Getting There – JAL First Class
Hotel Review: Ritz-Carlton Tokyo
Guide to Tsukiji Fish Market
Room Service Review: Ritz-Carlton Tokyo
Day in Tokyo
Taking the Shinkansen “Bullet” Train
Hotel Review: Ritz-Carlton Kyoto
Tea at the Ritz-Carlton Kyoto
Day 1 in Kyoto
Day 2 in Kyoto
Room Service Review: Ritz-Carlton Kyoto
Park Hyatt Tokyo: Revisited
Getting to Hiroshima
Hotel Review: Sheraton Hiroshima
Day trip to Miyajima
Day in Hiroshima
St. Regis Osaka
Day in Osaka
After breakfast in the hotel Club Lounge, we walked down to the Hiroshima JR station. We passed vendors selling fresh produce and goods, and in less than 5 minutes we were there.
To get to the ferry port we took the Sanyo Line to Miyajimaguchi Station which was inexpensive at just 410 JPY (3 USD). The ride was about half an hour and when we arrived at Miyajimaguchi Station it was just a quick walk to the ferry pier.
There are two ferry companies, JR and Matsudai. It doesn’t matter which one you’re on since they both cost the same at 180 JPY (1.50 USD). We didn’t have the Japan Rail Pass but those who do can use it on the JR ferries. Ferries left often so I didn’t have to worry about getting there by a specific time. I took my time taking in the sights of the ferry port, and there was even a gangly bird that took an interest in us as we walked by. We paid, walked on the ferry and enjoyed the gorgeous scenery on the Seto Inland Sea.
The ferry ride took just 10 minutes, and we were soon deposited in the ferry terminal on the shores of Itsukushima Island, home of the famous “floating” Itsukushima Shrine. Watching the island draw closer it reminded me a little bit of Catalina Island off the coast of California but even though the island is pretty large the area that people frequent is concentrated to a smaller section. The island is seen as sacred so the trees cannot be cut down. The population is only around 2,000 and everyone that lives there works hard to protect the forests and take care of the island. There are no cities, just simple villages and small shops. Unlike Catalina, there are no traffic signals on the entire island of Itsukushima and the land is considered rural.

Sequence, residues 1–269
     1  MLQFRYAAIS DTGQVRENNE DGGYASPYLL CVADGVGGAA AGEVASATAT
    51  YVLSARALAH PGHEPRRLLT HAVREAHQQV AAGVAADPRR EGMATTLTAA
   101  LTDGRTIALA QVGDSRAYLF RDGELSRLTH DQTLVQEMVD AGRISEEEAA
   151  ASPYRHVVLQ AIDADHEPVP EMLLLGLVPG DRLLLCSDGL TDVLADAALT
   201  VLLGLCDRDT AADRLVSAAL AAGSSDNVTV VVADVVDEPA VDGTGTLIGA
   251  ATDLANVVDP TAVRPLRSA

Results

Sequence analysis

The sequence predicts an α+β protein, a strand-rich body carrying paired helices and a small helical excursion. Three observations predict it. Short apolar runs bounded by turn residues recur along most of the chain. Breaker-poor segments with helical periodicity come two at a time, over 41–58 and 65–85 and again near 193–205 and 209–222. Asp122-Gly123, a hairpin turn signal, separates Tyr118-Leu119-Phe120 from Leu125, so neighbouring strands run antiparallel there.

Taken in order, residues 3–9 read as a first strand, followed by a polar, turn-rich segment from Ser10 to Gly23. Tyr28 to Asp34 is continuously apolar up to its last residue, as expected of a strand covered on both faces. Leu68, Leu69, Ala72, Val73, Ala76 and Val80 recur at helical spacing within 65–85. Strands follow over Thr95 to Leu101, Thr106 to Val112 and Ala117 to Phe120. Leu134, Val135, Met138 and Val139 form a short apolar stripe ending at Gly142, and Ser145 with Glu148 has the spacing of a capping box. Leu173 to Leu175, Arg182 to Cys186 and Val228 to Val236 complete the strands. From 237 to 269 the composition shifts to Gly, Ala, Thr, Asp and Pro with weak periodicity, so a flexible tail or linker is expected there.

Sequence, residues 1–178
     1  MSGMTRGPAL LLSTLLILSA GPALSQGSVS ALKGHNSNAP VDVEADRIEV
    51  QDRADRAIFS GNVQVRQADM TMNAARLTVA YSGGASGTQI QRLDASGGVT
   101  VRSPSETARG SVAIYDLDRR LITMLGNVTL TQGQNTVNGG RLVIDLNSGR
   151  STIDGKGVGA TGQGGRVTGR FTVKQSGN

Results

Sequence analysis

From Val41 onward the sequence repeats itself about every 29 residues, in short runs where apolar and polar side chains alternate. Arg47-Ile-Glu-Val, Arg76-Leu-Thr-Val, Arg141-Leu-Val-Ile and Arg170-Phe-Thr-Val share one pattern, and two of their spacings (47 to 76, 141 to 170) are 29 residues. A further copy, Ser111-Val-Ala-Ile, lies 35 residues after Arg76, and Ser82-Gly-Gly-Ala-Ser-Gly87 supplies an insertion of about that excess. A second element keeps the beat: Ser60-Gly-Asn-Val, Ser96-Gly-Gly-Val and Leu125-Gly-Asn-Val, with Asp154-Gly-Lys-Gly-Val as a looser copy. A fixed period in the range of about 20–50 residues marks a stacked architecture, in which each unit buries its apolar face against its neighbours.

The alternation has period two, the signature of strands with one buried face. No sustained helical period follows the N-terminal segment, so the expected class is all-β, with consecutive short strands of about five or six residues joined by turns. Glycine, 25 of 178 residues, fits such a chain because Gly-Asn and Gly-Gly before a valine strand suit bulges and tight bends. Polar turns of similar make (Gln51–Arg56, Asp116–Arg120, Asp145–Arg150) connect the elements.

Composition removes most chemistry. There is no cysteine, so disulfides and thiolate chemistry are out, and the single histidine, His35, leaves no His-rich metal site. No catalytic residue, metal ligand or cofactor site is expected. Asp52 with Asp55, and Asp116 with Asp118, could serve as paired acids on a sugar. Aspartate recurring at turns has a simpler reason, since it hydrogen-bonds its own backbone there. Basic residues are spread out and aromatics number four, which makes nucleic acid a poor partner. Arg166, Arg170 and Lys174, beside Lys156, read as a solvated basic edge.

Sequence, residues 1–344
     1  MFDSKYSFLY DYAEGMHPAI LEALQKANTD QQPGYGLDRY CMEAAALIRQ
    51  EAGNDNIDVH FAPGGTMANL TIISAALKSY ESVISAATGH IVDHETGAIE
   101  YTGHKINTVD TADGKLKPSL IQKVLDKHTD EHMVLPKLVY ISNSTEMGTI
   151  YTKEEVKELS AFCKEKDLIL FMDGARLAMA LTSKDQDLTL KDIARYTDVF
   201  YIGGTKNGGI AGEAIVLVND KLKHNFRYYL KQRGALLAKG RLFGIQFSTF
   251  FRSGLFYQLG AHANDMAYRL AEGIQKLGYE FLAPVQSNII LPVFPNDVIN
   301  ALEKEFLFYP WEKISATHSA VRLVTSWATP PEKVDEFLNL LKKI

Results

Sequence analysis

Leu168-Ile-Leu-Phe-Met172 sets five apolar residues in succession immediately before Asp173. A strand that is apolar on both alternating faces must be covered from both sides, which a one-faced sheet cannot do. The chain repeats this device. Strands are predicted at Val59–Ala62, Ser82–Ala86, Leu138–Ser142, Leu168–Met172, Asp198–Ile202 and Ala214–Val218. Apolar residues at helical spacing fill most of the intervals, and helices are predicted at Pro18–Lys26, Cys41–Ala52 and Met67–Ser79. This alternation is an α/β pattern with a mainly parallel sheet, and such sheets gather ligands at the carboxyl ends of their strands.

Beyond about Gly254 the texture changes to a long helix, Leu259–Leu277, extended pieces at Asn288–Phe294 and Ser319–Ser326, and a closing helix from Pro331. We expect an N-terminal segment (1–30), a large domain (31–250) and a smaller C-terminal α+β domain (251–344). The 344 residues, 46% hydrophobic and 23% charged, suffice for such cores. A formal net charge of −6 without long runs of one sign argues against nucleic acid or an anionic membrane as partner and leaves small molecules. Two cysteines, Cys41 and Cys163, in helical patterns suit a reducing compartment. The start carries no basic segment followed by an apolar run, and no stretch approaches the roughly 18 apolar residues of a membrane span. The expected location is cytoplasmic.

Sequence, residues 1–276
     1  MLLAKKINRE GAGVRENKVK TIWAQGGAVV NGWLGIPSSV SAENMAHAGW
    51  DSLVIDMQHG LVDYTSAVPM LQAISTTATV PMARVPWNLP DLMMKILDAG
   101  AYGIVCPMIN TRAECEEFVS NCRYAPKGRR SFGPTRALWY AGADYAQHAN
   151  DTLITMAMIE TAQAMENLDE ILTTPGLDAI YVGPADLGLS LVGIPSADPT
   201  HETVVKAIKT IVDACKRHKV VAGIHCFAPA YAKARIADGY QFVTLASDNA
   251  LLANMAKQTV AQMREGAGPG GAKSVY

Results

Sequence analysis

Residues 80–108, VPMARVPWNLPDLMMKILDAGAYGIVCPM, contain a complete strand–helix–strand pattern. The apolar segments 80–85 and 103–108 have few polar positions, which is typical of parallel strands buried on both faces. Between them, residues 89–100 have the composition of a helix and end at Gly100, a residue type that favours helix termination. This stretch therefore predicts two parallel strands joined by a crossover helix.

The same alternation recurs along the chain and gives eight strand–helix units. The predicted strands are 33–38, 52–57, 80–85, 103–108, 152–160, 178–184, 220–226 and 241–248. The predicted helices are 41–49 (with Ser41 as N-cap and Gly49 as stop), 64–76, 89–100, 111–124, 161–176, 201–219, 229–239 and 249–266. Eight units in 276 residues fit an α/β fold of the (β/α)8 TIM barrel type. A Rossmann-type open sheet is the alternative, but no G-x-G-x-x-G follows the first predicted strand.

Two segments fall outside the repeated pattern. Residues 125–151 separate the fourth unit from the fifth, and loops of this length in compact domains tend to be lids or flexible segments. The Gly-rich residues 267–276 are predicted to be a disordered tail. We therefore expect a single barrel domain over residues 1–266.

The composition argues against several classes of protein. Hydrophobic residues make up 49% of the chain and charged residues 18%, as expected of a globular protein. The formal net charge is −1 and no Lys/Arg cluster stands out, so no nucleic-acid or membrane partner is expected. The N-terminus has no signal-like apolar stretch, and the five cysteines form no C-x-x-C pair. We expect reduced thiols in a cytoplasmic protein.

We exited the terminal and followed the pathway to the right (I don’t think there is anything to the left), heading towards the shrine. I loved all the fresh air and sunshine, and I could immediately tell that I was going to love the island.
Traipsing down the path I came to a halt as one nimble deer followed by another leapt across my path and folded themselves up delicately to take a nap in the sunshine. I quietly snuck out my camera and was busy snapping away before I saw another deer out of the corner of my eye…and another. As it turns out, there are deer all over the island and aren’t afraid in the least of all the tourists. In Shinto religion deer are considered sacred messengers of the gods so they live a pretty good life on the island.
I continued on down a shopping street, and laughed when I saw all the deer. One even appeared to be doing some window shopping. There were a bunch of them crowded around a tourist and I wondered if maybe they were dropping some food. Others lazily strolled along the fence near the water and didn’t even flick an ear as some children ran by.
I passed under the huge torii gate at the entrance to Itsukushima Shrine complex, and then there was a perfect place for photos to be taken of the floating Torii.